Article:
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Old 01-04-2017, 07:14 PM
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The question isn't the quality of the religion courses. It is the quality and quantity of core academic courses. It, like all online or mail degrees must also have safeguards for the integrity of the work.
I understand that but I am of the belief that such issues were properly addressed by the accrediting body. I've taken online and face-to-face courses at many different schools in many different subjects. I've never encountered issues with quality and quantity of core academic courses or with the safeguards for the integrity of the work. However, if you know of any improprieties in this regard about NU after they obtained their accreditation, I would very much like to know. It is not my intention to recommend a subpar school. Thanks.
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Old 01-04-2017, 07:22 PM
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I understand that but I am of the belief that such issues were properly addressed by the accrediting body. I've taken online and face-to-face courses at many different schools in many different subjects. I've never encountered issues with quality and quantity of core academic courses or with the safeguards for the integrity of the work. However, if you know of any improprieties in this regard about NU after they obtained their accreditation, I would very much like to know. It is not my intention to recommend a subpar school. Thanks.
My point is that anyone taking college courses should do a full due dillegence on the school and it's programs.

I know nothing of NU and had never heard of it until you posted. Just a quick look at its own official web site was enough to raise concern that it is more of an evangelical rather than academic enterprise.

Academic fraud is rampant at online colleges and is more so at for profit ones. Not sure about for prophet schools.
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Old 01-04-2017, 07:28 PM
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My point is that anyone taking college courses should do a full due dillegence on the school and it's programs.

I know nothing of NU and had never heard of it until you posted. Just a quick look at its own official web site was enough to raise concern that it is more of an evangelical rather than academic enterprise.

Academic fraud is rampant at online colleges and is more so at for profit ones. Not sure about for prophet schools.
Your first point is well taken. No one should enroll in a college on a whim.

Your second point is interesting but I would only say that there need be no conflict with having an evangelically focused academic program. Education need not be strictly secular, IMHO.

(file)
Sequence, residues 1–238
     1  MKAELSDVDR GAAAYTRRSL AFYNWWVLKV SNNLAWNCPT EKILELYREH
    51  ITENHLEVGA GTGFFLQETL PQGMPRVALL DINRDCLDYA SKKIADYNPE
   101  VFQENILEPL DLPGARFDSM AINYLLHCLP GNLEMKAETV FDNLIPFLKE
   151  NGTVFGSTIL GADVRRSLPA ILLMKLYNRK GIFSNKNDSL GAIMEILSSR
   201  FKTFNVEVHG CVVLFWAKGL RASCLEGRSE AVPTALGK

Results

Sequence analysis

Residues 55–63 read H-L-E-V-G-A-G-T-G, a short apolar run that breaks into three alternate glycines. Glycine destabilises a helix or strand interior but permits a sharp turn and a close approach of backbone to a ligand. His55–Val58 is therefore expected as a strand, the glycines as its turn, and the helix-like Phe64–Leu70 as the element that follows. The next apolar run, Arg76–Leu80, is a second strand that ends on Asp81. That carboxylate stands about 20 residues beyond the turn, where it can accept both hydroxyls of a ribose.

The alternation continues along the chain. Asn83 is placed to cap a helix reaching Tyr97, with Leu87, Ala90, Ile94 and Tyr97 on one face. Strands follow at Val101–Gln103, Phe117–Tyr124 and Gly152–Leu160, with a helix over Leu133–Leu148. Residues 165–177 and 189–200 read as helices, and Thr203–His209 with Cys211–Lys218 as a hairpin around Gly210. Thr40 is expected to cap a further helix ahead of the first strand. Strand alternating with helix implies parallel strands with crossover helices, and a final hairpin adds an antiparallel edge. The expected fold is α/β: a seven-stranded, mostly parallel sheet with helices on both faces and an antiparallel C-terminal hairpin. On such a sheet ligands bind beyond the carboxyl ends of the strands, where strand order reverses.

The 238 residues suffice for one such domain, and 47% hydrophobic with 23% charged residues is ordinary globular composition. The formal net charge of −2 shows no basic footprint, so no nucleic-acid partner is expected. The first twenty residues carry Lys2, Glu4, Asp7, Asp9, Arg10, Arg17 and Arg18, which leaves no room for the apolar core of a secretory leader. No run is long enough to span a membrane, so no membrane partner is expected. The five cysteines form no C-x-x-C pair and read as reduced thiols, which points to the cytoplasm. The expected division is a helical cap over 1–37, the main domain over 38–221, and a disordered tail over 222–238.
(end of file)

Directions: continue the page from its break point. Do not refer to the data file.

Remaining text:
Your third point is correct, I think. However, academic fraud, especially plagiarism, is also running rampant at colleges of all kinds.

Thanks for your insights.
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Old 01-05-2017, 11:40 AM
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Your first point is well taken. No one should enroll in a college on a whim.

Your second point is interesting but I would only say that there need be no conflict with having an evangelically focused academic program. Education need not be strictly secular, IMHO.

Your third point is correct, I think. However, academic fraud, especially plagiarism, is also running rampant at colleges of all kinds.

Thanks for your insights.
I looked deeper at this school.

It is low cost, and it uses proctors for exams. Those are good things about it.

Look at its accrediting agency and some questions jump of the page at you about the agency and its standards. Namely, a high percentage of schools that use that agency have financial or legal troubles or were in negative standing with other agencies in the past.

I don't suppose there is any harm in studying with NU, but any degree from there would have very limited marketability after release.

If an inmate wishes to study to improve job prospects, going another route likely would be a good choice.
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Old 01-05-2017, 12:29 PM
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I don't suppose there is any harm in studying with NU, but any degree from there would have very limited marketability after release.

If an inmate wishes to study to improve job prospects, going another route likely would be a good choice.
No doubt.

Here's a fun little exercise: Google "unemployment rate religious studies" and take a look at the top results.